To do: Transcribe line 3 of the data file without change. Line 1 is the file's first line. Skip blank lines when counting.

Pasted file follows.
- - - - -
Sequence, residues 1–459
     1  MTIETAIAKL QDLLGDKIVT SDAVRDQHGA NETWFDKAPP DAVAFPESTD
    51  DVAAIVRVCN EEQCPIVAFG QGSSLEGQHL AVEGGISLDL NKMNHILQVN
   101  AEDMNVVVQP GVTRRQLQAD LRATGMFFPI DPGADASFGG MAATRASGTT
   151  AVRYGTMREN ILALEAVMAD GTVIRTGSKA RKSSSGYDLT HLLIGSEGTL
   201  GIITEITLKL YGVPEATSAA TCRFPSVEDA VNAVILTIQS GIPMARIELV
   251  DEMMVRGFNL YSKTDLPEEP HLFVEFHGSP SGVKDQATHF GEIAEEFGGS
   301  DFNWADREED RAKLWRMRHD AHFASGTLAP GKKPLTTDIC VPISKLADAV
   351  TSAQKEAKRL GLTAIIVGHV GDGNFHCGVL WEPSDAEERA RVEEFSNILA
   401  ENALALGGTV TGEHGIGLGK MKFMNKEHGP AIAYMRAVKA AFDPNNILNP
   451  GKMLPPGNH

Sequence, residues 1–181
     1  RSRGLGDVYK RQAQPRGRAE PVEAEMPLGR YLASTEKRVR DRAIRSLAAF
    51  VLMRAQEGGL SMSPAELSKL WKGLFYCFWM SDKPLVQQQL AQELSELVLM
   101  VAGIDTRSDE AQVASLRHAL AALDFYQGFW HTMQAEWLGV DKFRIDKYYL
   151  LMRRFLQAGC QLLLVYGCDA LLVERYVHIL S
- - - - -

    51  DVAAIVRVCN EEQCPIVAFG QGSSLEGQHL AVEGGISLDL NKMNHILQVN